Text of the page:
Most people think of the coming enforcement of The General Data Protection Regulation (GDPR) as apocalyptic for sales! While it is true that the GDPR will fundamentally change the way Sales work, contrary to popular belief, all it requires is an understanding of the implications of this law and finding out what’s possible and what’s not. And that’s where this blog comes in...
For me, sales used to be all about the automatic email marketing (Hallelujah automation) and to make my outbound emails perfect, personalized and pretty. The email would have one Call-To-Action (CTA) and move the leads in the funnel to the next steps such as demo, exploratory call or landing them to my specific page (a bit of narcissism never hurt nobody). Moreover, I was also a great cold caller. Like you know someone who could pass the gatekeeper and move to the hierarchy very easily. I used to love it. What else could be a better way of telling a customer that what they really need is my SaaS solution and should stop working manually! However, this is what we can’t do.
Assuming that we all know the basic tenets of GDPR, (in case you don’t, catch up here: https://www.eugdpr.org/ or take a look at GDPR beginners guide) I have highlighted all the FAQs here. I’ll move forward to more practical steps. Obviously, DISCLAIMER: these are just my opinions and not legal advice in any manner. So, what is it that you cannot do as a salesman after May 2018?
- You cannot send a cold email unless you have a legitimate interest! Basically, you just cannot send any kind of electronic message (SMS, MMS or email) to the customer who has not given consent to receive your email
- You are also prohibited from cold calling customers: even if you found their number on a public website or in their signature, you cannot cold call them! (Exception: Cold calling is not forbidden in the UK yet)
- You are also not allowed to put their details in your CRM system without their consent
- So, GDPR is all about CONSENT. But what does consent really mean here? (add more here). It means if you want to optimize your sales activities, you need to inform the customers exactly what you are doing and about the tools you will be using
- You cannot keep a prospective customer’s details in your CRM for an unlimited period of time so make a habit of periodic deletion.
- You cannot put the customer’s details in a sales automation tool and track their open rates, click rates or download rates without their consent
- You cannot scrape personal data via Facebook, LinkedIn, Quora, Product Hunt and send them targeted emails based on your scrapping
- Forget about buying third party lists...
- Or any other cheeky technology to find the email addresses and phone numbers of people
- Finally, you also cannot rely on the age-old opt-ins from your database!
This all sounds horrible – Right? As if the GDPR actually moves you away from doing proper business. Well, not exactly!
The GDPR was enforced to give consumers more control over their data and to enable them to exercise ‘privacy as a basic human right’. And this is a groundbreaking first step towards empowering our consumers.
So how should we carry out Sales then, you ask? Well, let me give you some practical advice.
Here are some of the ways I have adopted in sales:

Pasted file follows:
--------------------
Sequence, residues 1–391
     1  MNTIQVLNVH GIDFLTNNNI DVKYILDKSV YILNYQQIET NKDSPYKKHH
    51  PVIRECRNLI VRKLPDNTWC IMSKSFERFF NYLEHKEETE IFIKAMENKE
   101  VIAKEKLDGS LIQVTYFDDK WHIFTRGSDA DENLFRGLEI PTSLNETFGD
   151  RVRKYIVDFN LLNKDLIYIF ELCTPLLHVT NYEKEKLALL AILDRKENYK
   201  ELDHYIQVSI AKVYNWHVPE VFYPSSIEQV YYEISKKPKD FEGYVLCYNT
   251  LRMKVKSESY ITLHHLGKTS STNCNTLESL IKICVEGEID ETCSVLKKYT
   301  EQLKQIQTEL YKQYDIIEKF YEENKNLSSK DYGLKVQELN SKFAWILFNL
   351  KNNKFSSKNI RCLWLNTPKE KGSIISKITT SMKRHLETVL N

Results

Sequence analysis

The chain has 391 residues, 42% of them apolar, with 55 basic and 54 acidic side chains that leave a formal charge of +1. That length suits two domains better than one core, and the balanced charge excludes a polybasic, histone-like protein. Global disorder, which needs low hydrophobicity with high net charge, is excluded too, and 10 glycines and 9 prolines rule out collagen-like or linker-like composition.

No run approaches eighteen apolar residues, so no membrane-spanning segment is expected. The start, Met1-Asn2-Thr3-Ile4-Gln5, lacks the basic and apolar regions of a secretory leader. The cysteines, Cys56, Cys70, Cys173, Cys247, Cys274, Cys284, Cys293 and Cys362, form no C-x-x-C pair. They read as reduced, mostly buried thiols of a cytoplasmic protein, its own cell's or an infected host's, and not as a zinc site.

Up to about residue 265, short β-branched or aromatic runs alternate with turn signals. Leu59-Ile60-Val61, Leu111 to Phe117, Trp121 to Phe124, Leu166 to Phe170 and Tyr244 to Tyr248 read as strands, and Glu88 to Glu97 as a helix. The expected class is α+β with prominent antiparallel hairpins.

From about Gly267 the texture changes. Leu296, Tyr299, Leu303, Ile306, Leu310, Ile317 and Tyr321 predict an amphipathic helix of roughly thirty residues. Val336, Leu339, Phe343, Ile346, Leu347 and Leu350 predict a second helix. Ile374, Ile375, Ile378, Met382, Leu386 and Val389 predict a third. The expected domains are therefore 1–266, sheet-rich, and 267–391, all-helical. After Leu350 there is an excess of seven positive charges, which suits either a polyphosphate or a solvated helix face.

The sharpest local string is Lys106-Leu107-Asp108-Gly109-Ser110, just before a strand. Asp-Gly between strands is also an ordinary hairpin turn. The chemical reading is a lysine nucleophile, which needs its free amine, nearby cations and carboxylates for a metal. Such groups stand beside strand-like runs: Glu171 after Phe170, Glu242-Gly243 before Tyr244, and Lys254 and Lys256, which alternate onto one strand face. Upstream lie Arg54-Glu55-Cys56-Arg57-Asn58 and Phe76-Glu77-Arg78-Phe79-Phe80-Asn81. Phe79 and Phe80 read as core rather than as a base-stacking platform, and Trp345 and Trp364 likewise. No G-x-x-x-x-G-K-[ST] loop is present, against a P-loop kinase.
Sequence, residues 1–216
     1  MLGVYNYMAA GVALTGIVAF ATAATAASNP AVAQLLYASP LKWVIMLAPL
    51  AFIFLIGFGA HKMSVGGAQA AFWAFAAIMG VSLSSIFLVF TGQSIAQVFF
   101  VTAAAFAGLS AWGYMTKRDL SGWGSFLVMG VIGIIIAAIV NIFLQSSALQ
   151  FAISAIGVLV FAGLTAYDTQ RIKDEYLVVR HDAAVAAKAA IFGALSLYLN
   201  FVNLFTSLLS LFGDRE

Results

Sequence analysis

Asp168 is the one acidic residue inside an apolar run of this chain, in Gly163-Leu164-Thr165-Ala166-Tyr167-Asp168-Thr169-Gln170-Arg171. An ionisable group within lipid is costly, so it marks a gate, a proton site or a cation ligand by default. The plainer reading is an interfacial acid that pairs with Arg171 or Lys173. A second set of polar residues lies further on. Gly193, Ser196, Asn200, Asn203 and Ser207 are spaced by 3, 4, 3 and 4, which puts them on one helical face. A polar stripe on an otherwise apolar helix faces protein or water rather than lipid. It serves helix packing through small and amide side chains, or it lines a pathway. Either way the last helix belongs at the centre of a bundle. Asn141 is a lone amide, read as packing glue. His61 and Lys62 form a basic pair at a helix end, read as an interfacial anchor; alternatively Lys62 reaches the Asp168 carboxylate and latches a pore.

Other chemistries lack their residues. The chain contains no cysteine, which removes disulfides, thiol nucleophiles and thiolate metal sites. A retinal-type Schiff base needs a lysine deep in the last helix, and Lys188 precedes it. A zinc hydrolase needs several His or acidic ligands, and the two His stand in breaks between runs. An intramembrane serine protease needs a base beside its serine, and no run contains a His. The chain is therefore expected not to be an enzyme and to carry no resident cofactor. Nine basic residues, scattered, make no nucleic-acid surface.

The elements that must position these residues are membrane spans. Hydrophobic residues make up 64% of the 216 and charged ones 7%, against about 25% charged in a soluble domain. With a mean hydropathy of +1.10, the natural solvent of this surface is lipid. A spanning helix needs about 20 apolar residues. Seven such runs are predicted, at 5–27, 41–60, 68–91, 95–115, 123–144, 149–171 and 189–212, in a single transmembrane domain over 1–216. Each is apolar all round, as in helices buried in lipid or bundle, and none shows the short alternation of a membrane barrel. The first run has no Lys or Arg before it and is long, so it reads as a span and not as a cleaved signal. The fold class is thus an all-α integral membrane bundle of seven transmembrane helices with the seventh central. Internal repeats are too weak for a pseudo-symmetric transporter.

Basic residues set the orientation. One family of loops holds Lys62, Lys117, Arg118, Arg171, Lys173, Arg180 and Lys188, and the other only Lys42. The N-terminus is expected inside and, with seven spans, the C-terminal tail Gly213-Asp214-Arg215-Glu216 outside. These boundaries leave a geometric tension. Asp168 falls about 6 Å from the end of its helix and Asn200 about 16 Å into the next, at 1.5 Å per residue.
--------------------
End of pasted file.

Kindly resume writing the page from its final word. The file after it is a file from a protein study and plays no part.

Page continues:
LinkedIn is your friend:
- Use it heavily as a social selling tool!
- Moving a lead from LinkedIn: Once they accept your request, get their consent, inform them of the duration of retaining their data and what you will be doing with it. Put this in your CRM, and start selling!
- Use Inbound methods, let the leads come to you via your Inbound marketing channels such as Case Studies, Ebooks, Guides, blogs etc.
- You can still send LinkedIn Inmail via LinkedIn Sales Navigator
- Be great at event marketing. Research your prospect and personalize your message to them when you see them in an exhibition
- Attend targeted events where your customers are likely to be
- Use Meetup.com as a way to engage with the topic you specialize in
- Start building genuine relationships and network with people at these events
- Go to the events where your customers are exhibiting and try to talk to them. They’re open to listening to you and try to find a middle ground with them (of course, there’s the possibility that you might stumble upon a non-helpful sales person there but be reasonably persistent)
- Organize topic related webinars: look out for pet peeves of your customers
- Use LinkedIn and Medium for sharing your opinion about their industry via blogging
- Use your company’s Inbound Strategies effectively to get a ‘double opt-in’ or a ‘Soft Opt-in’
Growth Hacking and Happy Customers:
- Obviously, you cannot reach customers in bulk messages, but you can still use referral tools, influencer marketing and other channels where customers still give you consent
- And the traditional word of mouth still works! Ask your happy customers to refer you to your next prospect. Ask your unhappy customers for feedback and forward it to your Dev Team. In fact, make an email for your customers to make them use as little effort as possible to provide you the referral and feedback.
- And of course, get ready to send mails via post! (the old school way). Under the GDPR, you can still personally send letters, postcards and mails to your prospective customers. I’d suggest to write it by hand and personalize it as far as possible for your customer. Who doesn’t like a beautifully, handwritten note?! (It is not scalable so refrain from spamming by mail)
Hope this helps you in navigating the post GDPR world of sales! Remember: it is a very solid step towards reducing the exploitation of private data and to genuinely connect with your customers. If you are a small or middle-sized business confused about what GDPR compliance means for you, get in touch with us here: help me
Embrace the change and comply!